My introduction to Indian food and actually cooking it was in 1982, which does seem a long time ago now. A friend who I worked with in Australia had parents who had grown up in India, later moving back to England and then on to Australia.
Clare’s mother very kindly shared three recipes with me and I have always enjoyed cooking them. Of course the trouble with them was the quantity of spices I had to have and the time it took to prepare them and make the base for the curries. While they are gorgeous recipes I sometimes feel that it is easier to just go out for Indian food instead.
Suddenly that has changed since the book Everyday Indian by Bal Arneson entered my life. This is a very pleasant book to read and to learn all about the basics of healthy Indian food. Bal explains the spices needed for the recipes in the book, where to buy them and also exactly how to use them and make things like garam masala from scratch if you have the time. And she doesn’t make you feel a failure if you don’t have the time to do that. She lets you feel that it is okay to buy them readymade if time is short.
I have a husband who, while adventurous with food, is not very keen on hot and spicy meals. When I have cooked my Indian recipes in the past I know by experience how much now of each spice to use so that the curries are mild enough for him to enjoy but also hot enough for me to also look forward to the meal.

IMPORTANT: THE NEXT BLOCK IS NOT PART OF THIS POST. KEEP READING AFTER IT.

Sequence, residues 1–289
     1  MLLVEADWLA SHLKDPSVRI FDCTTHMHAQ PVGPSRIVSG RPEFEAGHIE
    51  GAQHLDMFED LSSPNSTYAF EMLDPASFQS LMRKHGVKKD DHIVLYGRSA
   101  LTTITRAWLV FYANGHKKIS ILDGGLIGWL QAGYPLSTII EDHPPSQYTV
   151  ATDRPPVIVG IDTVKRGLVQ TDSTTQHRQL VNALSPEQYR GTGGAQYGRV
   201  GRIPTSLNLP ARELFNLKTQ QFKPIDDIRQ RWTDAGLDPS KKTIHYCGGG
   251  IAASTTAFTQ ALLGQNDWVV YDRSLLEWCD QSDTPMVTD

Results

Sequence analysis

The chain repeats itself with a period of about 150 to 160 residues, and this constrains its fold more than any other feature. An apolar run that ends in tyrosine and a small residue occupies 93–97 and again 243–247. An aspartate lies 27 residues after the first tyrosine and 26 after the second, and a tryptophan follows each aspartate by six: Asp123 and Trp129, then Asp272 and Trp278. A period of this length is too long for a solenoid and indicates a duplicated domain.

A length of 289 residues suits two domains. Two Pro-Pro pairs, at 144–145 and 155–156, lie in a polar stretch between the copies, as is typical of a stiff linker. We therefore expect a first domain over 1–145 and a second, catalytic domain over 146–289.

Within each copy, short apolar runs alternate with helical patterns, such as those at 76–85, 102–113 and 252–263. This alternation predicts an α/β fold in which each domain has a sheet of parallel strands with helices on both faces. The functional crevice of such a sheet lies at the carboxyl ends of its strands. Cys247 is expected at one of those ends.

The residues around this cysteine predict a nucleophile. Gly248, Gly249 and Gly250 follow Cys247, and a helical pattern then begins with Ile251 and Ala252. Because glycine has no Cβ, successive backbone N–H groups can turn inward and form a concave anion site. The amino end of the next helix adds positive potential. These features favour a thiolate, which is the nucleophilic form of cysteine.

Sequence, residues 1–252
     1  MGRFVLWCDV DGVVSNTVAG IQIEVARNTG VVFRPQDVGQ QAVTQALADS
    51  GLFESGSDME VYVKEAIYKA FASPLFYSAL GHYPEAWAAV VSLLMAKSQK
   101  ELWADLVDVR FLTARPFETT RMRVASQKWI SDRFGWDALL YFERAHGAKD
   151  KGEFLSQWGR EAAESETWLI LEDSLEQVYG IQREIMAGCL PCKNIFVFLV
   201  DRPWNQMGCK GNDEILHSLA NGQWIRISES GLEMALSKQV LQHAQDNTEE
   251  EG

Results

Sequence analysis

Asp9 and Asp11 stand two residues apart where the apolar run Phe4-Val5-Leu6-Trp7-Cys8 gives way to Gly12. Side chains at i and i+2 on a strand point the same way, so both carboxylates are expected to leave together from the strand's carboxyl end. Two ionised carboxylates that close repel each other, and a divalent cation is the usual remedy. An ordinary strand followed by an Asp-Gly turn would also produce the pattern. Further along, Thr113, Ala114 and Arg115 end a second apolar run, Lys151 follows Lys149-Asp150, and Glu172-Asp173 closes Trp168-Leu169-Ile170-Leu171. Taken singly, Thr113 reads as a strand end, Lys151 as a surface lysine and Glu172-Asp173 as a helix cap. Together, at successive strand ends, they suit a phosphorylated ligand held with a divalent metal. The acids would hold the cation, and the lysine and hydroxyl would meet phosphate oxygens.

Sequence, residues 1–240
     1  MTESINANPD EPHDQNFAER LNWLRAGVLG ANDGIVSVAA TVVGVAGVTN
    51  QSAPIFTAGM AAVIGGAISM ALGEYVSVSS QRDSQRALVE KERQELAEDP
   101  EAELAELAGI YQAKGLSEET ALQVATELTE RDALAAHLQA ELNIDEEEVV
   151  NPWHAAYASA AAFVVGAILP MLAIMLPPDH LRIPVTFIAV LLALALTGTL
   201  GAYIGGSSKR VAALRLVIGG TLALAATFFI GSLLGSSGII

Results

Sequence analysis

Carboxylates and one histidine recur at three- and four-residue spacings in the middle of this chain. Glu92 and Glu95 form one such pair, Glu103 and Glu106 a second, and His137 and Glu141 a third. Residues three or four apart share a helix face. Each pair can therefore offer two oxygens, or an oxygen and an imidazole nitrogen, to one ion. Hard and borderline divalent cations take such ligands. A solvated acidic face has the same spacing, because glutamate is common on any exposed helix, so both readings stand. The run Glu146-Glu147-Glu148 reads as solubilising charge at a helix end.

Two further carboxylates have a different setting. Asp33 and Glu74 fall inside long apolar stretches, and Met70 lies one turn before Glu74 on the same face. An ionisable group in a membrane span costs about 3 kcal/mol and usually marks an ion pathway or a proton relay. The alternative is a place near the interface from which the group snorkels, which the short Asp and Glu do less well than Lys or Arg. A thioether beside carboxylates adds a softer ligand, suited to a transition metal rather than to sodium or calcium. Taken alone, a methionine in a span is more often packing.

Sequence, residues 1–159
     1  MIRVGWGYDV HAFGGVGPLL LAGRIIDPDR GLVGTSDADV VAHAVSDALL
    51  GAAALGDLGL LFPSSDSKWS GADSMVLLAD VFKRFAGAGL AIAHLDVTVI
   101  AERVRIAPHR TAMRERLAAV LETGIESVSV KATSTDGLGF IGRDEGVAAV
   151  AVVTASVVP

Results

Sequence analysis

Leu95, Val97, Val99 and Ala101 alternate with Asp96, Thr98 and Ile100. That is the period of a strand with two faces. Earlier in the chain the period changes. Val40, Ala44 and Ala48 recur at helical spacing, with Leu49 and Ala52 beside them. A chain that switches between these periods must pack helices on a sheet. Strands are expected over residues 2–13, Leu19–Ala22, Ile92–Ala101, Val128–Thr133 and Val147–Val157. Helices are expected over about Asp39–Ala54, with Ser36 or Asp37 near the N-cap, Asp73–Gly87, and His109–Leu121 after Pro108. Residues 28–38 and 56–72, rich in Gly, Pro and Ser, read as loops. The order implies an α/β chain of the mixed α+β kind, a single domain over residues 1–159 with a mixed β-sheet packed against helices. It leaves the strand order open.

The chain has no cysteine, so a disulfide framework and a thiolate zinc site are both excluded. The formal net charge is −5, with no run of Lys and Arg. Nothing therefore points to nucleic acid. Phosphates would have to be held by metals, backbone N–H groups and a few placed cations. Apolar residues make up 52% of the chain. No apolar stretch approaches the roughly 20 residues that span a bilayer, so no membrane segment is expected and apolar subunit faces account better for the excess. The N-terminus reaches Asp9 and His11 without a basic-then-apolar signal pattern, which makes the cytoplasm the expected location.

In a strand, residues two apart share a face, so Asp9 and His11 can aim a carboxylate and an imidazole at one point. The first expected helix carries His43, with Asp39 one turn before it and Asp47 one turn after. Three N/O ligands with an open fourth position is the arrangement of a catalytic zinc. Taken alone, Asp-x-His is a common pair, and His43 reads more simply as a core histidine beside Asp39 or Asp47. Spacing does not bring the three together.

So I really had to go through the book reading the ingredients thoroughly so there was not going to be a big surprise for either of us when we took the first bite of a new recipe. The choice I made for the first test was the Tandoori quesadillas, because I recognised all the ingredients and also knew they were well known ones, easy to purchase from any grocery store or Indian specialty store too.
The recipe was extremely well written and very easy to follow. My only mistake was not cutting the chicken up small enough so that made the quesadillas a little lumpier than the picture showed in the book. The recipe made three full size quesadillas and the suggestion was to then cut them up as finger food. I am ashamed to say we ate a full one each and then saved the last one for the following day for lunch and it was plenty between the two of us. This recipe is a keeper and will certainly be a repeat meal for us as we both really did enjoy them.
I am now very keen to try more recipes from this book. If they are all as tasty and can be made with as much ease as this first one then I don’t think the book will spend much time on my book shelf but will be a permanent fixture in the kitchen. My Folsom friends are about to become beta testers.